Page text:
it’s Friday again and work week is coming to an end. It’s been exactly seven days since I’ve sent you the last couple of links but the world still rolls, and as you all know, rolls very fast in our job. So I’ve again collected a lot of very interesting links and sorted them for you. Now please enjoy your weekend! If you’re not reading this today, mark it for next week to start your week with some lovely links and fresh inspiration.
- Big news from Mozilla this week: In the recent weeks the annual discussion araised if Google will renew the partnership with Firefox which made around 90% of Mozilla’s revenue in the past. In the past because they now partnered up with Yahoo instead and now promote choice in regards of what search you want to use and have more options to innovate. The new contract lasts five years. So starting December, the new default search engines will be Yahoo in the U.S., Yandex in Russia, Baidu in China with all others (like DuckDuckGo, or if you still prefer, Google) still built-in so you always have the choice.
- The EFF and Mozilla have announced a big partnership with some other partners. Let’s encrypt will be built to deliver SSL/TLS everywhere in 2015. Easy, transparent and at zero cost.
- Firefox will ship
object-positionin Firefox 36 and is available in Nightly builds behind flags.
- Chrome DevTools Timeline will soon show you not only what was repainted but it will inform you why it has been repainted. Very cool!
- INIT 1.4.0 has been released with many improvements. But even better, we discuss our roadmap to v2.0 in the open—so if you use it and want to participate, let us know there.
- Rachel Andrew shares how at Perch they handle feature requests by their users.
- Scott Jehl’s Responsible Responsive Design book is out and you definitely should consider buying it. It’s very well written.
Concepts & Design
- Brad Frost describes his process on Interface Inventory. This is a very good method to take action on simplifying and unifying your user interface.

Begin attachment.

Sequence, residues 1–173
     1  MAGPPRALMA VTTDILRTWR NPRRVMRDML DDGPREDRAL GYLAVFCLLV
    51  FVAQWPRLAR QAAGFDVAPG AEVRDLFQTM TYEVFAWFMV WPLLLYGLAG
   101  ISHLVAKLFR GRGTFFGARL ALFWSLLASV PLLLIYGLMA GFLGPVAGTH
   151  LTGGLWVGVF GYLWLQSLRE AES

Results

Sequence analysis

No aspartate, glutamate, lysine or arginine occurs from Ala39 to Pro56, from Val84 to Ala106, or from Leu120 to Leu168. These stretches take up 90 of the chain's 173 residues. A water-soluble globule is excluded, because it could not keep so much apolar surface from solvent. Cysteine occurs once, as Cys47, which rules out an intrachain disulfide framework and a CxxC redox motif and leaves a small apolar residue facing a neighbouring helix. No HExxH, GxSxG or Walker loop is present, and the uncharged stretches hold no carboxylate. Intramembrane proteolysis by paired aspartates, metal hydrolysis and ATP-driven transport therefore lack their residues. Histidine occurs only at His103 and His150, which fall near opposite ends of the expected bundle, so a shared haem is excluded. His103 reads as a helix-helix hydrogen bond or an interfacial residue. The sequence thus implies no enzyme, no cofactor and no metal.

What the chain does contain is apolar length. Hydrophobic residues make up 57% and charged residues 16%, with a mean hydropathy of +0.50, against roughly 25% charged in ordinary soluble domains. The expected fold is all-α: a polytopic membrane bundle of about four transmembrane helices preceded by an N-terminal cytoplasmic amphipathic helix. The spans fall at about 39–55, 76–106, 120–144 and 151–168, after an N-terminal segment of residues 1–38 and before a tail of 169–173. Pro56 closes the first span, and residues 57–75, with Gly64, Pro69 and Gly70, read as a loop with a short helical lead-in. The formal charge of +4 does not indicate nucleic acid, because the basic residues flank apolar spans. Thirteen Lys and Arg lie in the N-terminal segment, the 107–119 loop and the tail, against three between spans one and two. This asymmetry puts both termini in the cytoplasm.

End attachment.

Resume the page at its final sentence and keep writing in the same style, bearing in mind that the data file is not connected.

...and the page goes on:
- styleguides.io is a resource collection site with many good articles about maintainable, living styleguides.
- You can use
git-ftpto push your git repositories to cheap hosting endpoints that don’t support SSH and Git.
- perf.rocks contains a good collection of useful web performance resources that help you build lightning fast websites.
- It doesn’t matter which tool you use but it does matter if you measure the performance of your website.
- This article shows you a visualization of HTTP/2 priority.
- Have you heard of the Frame Timing API? Because if not, this is a great explanation what it is for and how it works.
- Tim Kadlec has a very good sense of what’s important to measure as website performance. He now shares this in his blog post, and there’s also a Workingdraft podcast episode in English with him.
- webcomponents.js, a set of polyfills built on top of the Web Components specification, now lives at the webcomponents.org.
- At Chrome DevSummit the new version 0.8 of Polymer has been announced with huge performance improvements (now only 6kb gzipped), reduced complexity and a leaner Shadow DOM shim. This makes the library 5x faster in Chrome and 87% smaller than before.
Sass / CSS
- Rachel Nabors with a great article on the state of web animations in 2014.
- Harry Roberts on a very sassy topic: When to
@extendand when to mixin.
- You wonder how specific your CSS is? You can test it within this specificity graph generator.
- If you sometimes think you are working slow in the team or your managers say you do so, read this article “You developers aren’t slow” by sprintly. Hint: It’s often the process. Hint 2: Take responsibility.
- Jessica Hische thought about Email…
- “Saturn’s Ears”
And that’s it again for this week. If you liked the content, please consider support by using Flattr or gratipay me or share this resource with other people. Learn more about the costs of the project here. It’s available via E-Mail, RSS and online.
Thanks and all the best,